Is it Labor Day already? The weekly onslaught of summer blockbusters traditionally diminishes in late August, when kids head back to school and studios dump their orphan projects. This year, though, Hollywood either set its rummage sale a few weeks early or, more likely, misjudged the popular appeal of some leftover inventory: the horror film Final Destination 5, the R-rated heist comedy 30 Minutes or Less and the TV-musical transfer Glee: The 3D Concert Movie. Only The Help, the multiracial inspirational based on Kathryn Stockett's best seller, made noise, and the joyful racket could keep ringing throughout the fall and into awards season.
In its second frame, Rise of the Planet of the Apes earned $27.5 million and finished first at the North American box office, according to early studio estimates. The win made the chimp prequel just the third film this summer (after Thor and Transformers: Dark of the Moon) to take the top spot for more than one weekend. Apes dipped about 50% from last week and would not have repeated at the top if it had faced the strong competition that usually debuts in the second week of August. This time last year, the alter kocker action film The Expendables opened to $34.8 million; in 2009, the big weekend premiere was District 9, at $37.4 million; in 2008, Tropic Thunder, with a $25.8 million debut; and in 2007, Rush Hour 3, with $49.1 million. All those films eventually finished with domestic earnings of more than $100 million a number that FD5, 30 Minutes and Glee 3D may not be able to match in total.
In a feat of smart counterprogramming, DreamWorks-Disney opened The Help. Set in 1960s Mississippi, the drama about the bond of three women one white (Emma Stone) and two African-American (Viola Davis and Octavia Spencer) grossed $25.5 million over the weekend and $35.4 million since its Wednesday debut. (Rise earned $36.7 million in the same period.) The Help's audience reflected the onscreen demographic: 74% of its attendees were women, 60% over 35 years of age, and all segments gave it an ecstatic A-plus CinemaScore rating. Adapted and directed by Stockett's handpicked friend Tate Taylor, the film attracted both the Red Hat Society contingent and the Tyler Perry regulars. Disney flacks noted that The Help played especially strongly in the South: the movie's five highest-grossing theaters were in Memphis; Jackson, Miss.; Chicago; Atlanta and Dallas.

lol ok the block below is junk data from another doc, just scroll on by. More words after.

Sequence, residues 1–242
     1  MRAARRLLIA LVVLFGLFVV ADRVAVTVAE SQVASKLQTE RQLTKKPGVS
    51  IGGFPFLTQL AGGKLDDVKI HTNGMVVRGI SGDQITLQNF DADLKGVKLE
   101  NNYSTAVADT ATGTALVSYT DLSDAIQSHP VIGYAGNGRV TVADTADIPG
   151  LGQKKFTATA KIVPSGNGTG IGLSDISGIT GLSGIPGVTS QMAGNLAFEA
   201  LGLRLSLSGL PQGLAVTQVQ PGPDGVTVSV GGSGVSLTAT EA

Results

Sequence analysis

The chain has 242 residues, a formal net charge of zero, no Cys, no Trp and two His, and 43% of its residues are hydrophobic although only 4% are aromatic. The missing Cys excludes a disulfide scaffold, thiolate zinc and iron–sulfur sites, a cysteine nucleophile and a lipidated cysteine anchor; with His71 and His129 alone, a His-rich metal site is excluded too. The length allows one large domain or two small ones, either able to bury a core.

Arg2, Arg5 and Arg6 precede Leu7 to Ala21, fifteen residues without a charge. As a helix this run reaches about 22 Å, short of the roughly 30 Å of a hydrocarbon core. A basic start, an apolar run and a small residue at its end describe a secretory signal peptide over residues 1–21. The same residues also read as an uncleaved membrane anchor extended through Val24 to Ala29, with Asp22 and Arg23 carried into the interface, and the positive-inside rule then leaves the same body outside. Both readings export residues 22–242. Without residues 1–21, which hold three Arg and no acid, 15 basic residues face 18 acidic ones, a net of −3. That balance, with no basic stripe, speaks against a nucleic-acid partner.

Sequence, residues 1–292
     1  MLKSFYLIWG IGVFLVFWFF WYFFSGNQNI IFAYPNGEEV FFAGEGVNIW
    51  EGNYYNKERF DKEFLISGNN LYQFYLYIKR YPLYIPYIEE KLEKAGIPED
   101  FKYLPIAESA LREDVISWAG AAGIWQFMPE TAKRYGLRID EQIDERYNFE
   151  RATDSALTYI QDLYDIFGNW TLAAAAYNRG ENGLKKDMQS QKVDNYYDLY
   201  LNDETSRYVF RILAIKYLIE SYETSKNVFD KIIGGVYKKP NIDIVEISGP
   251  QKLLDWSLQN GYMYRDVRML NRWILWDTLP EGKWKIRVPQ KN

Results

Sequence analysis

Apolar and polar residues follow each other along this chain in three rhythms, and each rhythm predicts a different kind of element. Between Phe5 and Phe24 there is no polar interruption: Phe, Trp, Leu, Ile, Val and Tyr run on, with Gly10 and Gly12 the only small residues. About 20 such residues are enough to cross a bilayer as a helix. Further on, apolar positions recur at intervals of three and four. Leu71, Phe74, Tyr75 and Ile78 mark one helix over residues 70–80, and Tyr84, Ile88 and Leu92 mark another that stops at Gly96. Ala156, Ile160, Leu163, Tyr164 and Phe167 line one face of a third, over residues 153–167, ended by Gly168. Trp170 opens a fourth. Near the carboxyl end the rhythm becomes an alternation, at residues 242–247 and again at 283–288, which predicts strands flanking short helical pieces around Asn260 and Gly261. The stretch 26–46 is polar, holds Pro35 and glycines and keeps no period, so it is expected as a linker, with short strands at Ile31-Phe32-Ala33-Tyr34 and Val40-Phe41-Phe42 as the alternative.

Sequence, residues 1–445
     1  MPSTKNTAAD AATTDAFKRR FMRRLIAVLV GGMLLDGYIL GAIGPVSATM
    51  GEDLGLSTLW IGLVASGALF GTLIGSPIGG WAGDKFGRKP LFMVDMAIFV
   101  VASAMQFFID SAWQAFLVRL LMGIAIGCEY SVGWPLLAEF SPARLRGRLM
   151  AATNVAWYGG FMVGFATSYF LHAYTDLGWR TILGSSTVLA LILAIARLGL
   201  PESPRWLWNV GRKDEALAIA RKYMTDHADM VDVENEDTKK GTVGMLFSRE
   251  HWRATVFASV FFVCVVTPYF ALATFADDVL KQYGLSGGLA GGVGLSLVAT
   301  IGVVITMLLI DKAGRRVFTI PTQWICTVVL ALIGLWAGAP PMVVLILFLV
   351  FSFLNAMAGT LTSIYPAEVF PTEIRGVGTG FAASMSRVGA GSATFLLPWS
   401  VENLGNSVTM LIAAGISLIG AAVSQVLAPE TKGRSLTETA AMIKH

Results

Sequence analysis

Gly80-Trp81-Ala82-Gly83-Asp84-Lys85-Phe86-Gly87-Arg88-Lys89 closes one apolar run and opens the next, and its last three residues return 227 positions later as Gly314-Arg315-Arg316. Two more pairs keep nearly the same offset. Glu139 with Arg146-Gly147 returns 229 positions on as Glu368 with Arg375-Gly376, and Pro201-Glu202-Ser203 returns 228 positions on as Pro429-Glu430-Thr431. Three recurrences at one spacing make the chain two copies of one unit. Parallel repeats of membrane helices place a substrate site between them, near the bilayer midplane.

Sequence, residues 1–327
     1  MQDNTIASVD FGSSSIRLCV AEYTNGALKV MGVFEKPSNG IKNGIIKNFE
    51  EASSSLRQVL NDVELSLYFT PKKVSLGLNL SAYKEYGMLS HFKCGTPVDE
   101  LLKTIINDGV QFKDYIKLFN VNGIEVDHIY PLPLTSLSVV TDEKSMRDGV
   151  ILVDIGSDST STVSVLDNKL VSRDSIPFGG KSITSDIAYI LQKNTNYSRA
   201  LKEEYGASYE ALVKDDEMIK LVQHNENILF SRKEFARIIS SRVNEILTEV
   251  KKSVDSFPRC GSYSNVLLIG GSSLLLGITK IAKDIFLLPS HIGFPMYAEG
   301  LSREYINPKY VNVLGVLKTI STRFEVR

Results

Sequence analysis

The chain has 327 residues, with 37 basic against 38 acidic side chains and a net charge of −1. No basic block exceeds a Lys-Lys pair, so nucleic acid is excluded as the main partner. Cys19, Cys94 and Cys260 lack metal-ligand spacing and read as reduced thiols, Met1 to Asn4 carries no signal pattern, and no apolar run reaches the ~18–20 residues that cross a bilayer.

Among late-summer films based on best sellers and sold to women, the movie's first-weekend gross was similar to those of 2009's Julie & Julia ($20 million) and the Julia Roberts film Eat Pray Love ($23.1 million), which opened this weekend last year. But The Help's five-day haul topped the $33.4 million amassed in the entire commercial run of Doubt, for which Davis received an Academy Award nomination (as did Meryl Streep, Philip Seymour Hoffman and Amy Adams). Expect Davis to be an Oscar finalist again next year. Gleaning a solid 73% approval score on the Rotten Tomatoes aggregation of reviews and garnering great word of mouth, The Help could become a rare interracial smash hit like The Blind Side or a Best Picture winner like Driving Miss Daisy. The movie's éclat certainly helps swell the career arc of the 22-year-old Stone, after Zombieland, Easy A and Crazy Stupid Love. She's got the Spider-Man reboot coming next July and, in 2013, The Gangster Squad, which will co-star Ryan Gosling and Sean Penn and is to be directed by oops 30 Minutes or Less's Ruben Fleischer.
Fleischer had a hot hand two years back, when he cast Stone and Jesse Eisenberg as two of the last humans left in Zombieland. But 30 Minutes, starring Eisenberg as a kidnapping victim forced to rob a bank to stay alive, earned a popgun $13 million; that was far below the expectations of Sony-Columbia, which saw the cranky-buddy film finish fifth, behind the studio's kids' comedy The Smurfs, now in its third week of release. On CinemaScore, 30 Minutes received an A rating from the under-18 set (how'd they get into this R-rated movie?), a B-plus from males and, overall, a moderate B. That suggests there were a lot of females rancorously asking their beaus, "Why'd you bring me to this thing?"